John Torrey 20:20
To that end, I think this rolls into another one of questions I’ve had for you all, which is that part of what has made HBCUs valuable has been their ability to provide spaces for young people to address the burning issues of the day. But it’s all being done within the constraints of the institution. So considering that tension that exists between, you know, progressive ideals often being put forward by students about how to deal with say, the fact that student debt is exploding and for a number of black graduates, that’s going to negatively impact their ability to go through things like homeownership, how should the institution respond to that things like, you know, Black Lives Matters moving black live, as Dr. King mentioned earlier, we’re in that the the George Floyd moment here. So we’ve got ideas being put forward by the students on one side, and frequently conservative resistance to change by the institution on the other side. How should they navigate this in the wake of the amount of social upheaval around issues of racial discrimination? Like it, you know, it’s point blank, it’s out front, it is in our faces, and your students that we are, that we’re supposed to be caring for all the ones who are in the heat of this battle, right? We’re in the midst of that struggle that Dr. King mentioned before. So, Dr. Commodore?
Felecia Commodore 21:36
So I think, not just the HBCUs, but across higher education, student activists are going to save us. If there is going to be a saving of higher education in the US, it’s gonna come from student activists. When we look at every kind of major movement that has led to some kind of policy, some kind of impact on how higher education institutions do what they do. A lot of that started on the ground with student activism. And so that being said, thinking about some of the things we’ve shared earlier today and talking about HBCUs, and them being these spaces of development, and how do we navigate varying representations of blackness? How did these institutions continue to push forward in the 21st century, I think giving students the opportunity to speak to the issues of their day, always will will help us figure out what it is we’re supposed to be paying attention to. Right. And I think that’s hard for me to say hard, I think that can be challenging. For administrators, particularly I think about public HBCUs, who are often in tumultuous relationships with their state legislatures, and and state budgets, and funding and allocation and all of these things. I think leaders really have to think about how can they value input and voices of students on their campuses, who are experiencing their campuses real time, right? Not just what the camps is espouse to be but what they actually are doing, right, and to get real input into thinking about how those student voices, and what the students feel are important to them, can be integrated into how the institution executes its mission. I also think that putting leaders in place who value students, right, I think, if you you can if you don’t have leaders in place, who value students and I mean from the board to, you know, your your VPS, then student voice will often get squashed. And and what I would hope was we try to avoid that on HBCU campuses, because these students, particularly black students have to deal with their voices being silenced. In society, you would hope they would come to bases that are supposed to be empowering for black people and feel like their voices won’t be silenced in this space. We know that’s not what happens all the time. But I think in for for the institution to keep its finger on the pulse of how does it continue to operate in a way that will help students be successful but also have impacts in their community, then I think they have to give space for student activists and student voices, even when it’s uncomfortable.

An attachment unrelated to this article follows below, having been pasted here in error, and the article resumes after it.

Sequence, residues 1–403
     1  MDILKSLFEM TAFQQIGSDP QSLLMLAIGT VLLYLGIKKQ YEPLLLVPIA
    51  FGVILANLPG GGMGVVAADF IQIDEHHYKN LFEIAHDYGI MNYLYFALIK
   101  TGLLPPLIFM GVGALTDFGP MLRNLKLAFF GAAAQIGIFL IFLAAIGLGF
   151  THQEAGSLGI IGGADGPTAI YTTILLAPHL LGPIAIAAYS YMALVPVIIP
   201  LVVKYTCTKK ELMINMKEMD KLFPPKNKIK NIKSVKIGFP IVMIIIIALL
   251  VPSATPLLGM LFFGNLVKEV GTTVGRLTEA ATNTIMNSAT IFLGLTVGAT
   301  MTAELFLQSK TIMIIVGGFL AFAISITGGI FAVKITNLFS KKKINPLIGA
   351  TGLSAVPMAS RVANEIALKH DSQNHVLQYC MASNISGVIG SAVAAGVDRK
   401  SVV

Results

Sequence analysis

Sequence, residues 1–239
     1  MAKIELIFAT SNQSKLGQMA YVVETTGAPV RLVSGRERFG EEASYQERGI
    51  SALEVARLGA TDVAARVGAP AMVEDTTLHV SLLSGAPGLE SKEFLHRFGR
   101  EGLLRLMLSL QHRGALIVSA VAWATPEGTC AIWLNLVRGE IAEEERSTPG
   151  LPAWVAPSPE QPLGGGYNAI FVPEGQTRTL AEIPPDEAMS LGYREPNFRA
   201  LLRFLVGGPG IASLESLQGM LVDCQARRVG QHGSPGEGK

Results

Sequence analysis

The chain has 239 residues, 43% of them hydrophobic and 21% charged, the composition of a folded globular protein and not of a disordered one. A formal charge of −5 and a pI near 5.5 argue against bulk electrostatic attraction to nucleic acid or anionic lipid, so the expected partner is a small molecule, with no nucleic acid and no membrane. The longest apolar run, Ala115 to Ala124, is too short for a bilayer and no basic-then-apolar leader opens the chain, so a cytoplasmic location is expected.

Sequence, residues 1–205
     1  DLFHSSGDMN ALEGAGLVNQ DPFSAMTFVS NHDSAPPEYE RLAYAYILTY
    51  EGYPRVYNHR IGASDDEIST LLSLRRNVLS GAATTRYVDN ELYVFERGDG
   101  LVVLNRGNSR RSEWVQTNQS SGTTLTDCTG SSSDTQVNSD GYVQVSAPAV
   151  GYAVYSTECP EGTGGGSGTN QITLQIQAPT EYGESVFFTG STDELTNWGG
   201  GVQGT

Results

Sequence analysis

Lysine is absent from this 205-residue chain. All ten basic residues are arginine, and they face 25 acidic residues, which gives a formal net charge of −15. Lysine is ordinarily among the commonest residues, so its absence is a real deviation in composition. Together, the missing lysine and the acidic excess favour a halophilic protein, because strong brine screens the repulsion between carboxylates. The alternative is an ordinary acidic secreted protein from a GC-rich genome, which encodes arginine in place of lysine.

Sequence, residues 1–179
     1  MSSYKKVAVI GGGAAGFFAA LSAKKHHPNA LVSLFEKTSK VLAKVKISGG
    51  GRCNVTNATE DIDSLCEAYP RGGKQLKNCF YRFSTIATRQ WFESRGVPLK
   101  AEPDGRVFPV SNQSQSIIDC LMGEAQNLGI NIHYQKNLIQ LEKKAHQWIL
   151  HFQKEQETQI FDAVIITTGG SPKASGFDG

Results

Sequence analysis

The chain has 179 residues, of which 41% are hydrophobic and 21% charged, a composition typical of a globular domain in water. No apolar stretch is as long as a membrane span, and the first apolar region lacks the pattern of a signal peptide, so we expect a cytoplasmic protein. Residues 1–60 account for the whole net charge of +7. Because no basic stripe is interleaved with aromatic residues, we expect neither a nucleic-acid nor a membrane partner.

Corey Reed 24:31